Dr. Martha Norkunas

Martha NorkunasProfessor

E-mail: martha.norkunas@mtsu.edu
Phone: (615) 494-7701
Office Location: Peck Hall Room 226
MTSU Box 23
Murfreesboro, TN 37132

Teaching Fields:
Public History, Oral History, Memory and History, Labor History

Graduate Seminars
: Oral History and Memory: Theory and Methodology; Interpreting and Representing Oral History and Memory; Cultural Representations of the Past; Interpreting the Oral, the Visual and the Ethnographic; Sites of Conscience, Sites of Memory

Undergraduate Courses: Oral History, Identity and Diversity; Public History; Work, Globalization and Human Rights; History of the Industrial City: Lowell, Massachusetts; Popular Culture; American History 1865 to the Present 

Click on the play button to watch Dr. Norkunas talk about the classes she teaches.

Research Interests:The intersections of history and memory in personal narratives; representations of the past on the landscape; the construction of race, class and gender in life history narratives; individual and collective memory; nuanced listening. 

Click on the play button to watch Dr. Norkunas talk about her research.

Selected Publications: 
Monuments and Memory, History and Representation in Lowell, Massachusetts. Washington, D.C.: Smithsonian Institution Scholarly Press, 2002; Rowman and Littlefield Publishers, 2006. Honorable Mention Eli Kongas-Maranda Prize of the Women's Folklore Section, American Folklore Society, 2003. 

Work, Recreation, and Culture: Selected Essays in United States Labor History. Editor (with Martin Blatt). New York: Garland Press, 1996.

The Politics of Public Memory: Tourism, History and Ethnicity in Monterey California. Albany, New York: SUNY Press, 1993. Historic Preservation Book Award, Mary Washington College, Center for Historic Preservation, 1994.

"Narratives of Resistance and the Consequences of Resistance," Journal of Folklore Research, v. 41, nos.2-3 (May-December 2004): 105-123."The Ethnic Enclave as Cultural Space: Women's Oral Histories of Life and Work in Lowell," in The Continuing Revolution, Robert Weible, ed., Lowell, Massachusetts: The Lowell Historical Society, 1991, pp. 323-339.

Selected Presentations, Creative Work, and Community Based Projects: 
Editor and research supervisor, online exhibits for the George Washington Carver Museum and Cultural Center, Austin, Texas.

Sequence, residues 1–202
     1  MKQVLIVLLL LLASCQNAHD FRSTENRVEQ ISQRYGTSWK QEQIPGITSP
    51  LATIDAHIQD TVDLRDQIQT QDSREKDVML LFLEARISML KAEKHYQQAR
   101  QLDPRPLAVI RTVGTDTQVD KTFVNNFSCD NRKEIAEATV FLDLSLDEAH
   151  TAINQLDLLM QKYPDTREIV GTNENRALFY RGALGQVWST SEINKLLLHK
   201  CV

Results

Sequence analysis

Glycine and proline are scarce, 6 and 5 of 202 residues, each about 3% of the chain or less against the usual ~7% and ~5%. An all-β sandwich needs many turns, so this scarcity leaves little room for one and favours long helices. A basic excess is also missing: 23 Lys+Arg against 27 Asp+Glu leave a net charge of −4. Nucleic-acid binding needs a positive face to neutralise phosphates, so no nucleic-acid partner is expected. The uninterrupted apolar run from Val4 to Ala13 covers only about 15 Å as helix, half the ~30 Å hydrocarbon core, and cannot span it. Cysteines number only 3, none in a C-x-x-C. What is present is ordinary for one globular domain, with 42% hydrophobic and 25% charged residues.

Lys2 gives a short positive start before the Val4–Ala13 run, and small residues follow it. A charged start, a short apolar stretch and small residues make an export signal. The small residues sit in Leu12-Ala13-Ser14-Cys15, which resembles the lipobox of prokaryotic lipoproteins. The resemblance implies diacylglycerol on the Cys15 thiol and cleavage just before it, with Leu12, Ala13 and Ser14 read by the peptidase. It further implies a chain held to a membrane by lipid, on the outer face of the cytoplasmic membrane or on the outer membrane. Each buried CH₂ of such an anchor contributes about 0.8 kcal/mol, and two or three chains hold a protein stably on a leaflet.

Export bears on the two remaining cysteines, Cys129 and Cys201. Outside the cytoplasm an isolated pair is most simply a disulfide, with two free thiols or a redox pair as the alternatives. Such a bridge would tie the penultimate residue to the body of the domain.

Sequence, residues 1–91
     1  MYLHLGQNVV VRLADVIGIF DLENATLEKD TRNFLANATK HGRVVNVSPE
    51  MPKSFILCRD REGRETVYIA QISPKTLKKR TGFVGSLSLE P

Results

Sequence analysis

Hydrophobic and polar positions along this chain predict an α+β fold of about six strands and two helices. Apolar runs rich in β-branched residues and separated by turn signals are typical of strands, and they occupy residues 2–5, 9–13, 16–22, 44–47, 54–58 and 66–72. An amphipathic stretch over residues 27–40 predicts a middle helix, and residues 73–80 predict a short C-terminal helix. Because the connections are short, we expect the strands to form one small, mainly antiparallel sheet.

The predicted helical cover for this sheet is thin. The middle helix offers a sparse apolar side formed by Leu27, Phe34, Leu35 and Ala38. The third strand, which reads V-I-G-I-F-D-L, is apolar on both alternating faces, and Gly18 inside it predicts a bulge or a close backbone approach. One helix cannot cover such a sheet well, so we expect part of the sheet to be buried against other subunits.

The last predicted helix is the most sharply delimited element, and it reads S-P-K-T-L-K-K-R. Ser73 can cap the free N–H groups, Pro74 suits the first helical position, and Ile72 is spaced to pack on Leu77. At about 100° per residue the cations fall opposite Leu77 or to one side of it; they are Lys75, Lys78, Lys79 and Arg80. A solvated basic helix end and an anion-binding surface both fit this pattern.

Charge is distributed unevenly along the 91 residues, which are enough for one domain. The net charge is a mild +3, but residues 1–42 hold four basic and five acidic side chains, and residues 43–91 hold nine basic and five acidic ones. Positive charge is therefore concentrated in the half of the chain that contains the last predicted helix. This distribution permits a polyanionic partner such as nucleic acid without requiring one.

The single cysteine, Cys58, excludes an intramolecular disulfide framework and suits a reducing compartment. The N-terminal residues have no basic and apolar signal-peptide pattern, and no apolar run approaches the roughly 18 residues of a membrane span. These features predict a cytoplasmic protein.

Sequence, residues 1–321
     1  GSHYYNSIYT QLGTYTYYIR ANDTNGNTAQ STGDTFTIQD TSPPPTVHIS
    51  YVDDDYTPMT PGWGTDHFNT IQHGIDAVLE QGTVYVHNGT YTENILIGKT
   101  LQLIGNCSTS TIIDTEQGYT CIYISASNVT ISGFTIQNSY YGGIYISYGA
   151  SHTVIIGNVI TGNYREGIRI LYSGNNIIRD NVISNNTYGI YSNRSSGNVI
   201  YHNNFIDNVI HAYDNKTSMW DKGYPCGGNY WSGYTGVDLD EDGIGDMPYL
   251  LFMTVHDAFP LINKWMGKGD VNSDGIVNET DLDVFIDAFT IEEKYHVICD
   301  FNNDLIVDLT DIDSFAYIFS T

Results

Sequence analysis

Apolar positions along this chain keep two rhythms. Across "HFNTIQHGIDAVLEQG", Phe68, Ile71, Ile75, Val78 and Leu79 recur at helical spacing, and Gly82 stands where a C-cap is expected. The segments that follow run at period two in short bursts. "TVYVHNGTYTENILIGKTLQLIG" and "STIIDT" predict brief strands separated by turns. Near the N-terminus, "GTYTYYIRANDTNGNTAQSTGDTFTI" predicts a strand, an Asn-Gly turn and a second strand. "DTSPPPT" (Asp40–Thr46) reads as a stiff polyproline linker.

"Introduction, African American Texans Oral History Project," Online Took Kit for Teaching African American History, University of Texas at Austin, 

"A Monument is Apart from Ordinary Space and Time," Podcast for the exhibition, America Starts Here: Kate Ericson and Mel Ziegler, The Austin Museum of Art, Austin, Texas.

Keynote, "Listening Across Differences," Smithsonian Center for Education and Museum Studies and the Smithsonian Heritage Months Steering Committee, Smithsonian Institution, Washington, D.C. Live webcast on Youtube:

Radio interview, "Oral History," Middle Tennessee State University, On the Record, May 2, 2010, Listen to the podcast.

Selected Oral History Projects: 
Director, African American Oral History Project. Over 110 life history interviews with people of African descent in Austin, Texas, and the Murfreesboro-Nashville, Tennessee area. Project explores issues of race, gender, class, racial consciousness, racialized space, memory, and interracial interviewing.

Listening Across Difference Oral History Project (with Ann Graham). Oral history project for different faculties in the Austin Independent School District to build trust between teachers from difference races, genders, and backgrounds.

Work in Progress: 
I am currently working on a book about the intersections of individual and social memory, investigating how the postmodern environment inflects the narration of difficult pasts.

Ph.D., Folklore, The Folklore Institute, Indiana University, 1990
M.A., (D.E.A.) History, Universit√© de Provence, Aix-Marseille II, Aix-en-Provence, France, 1982 
B.A., American Studies, Brandeis University, 1978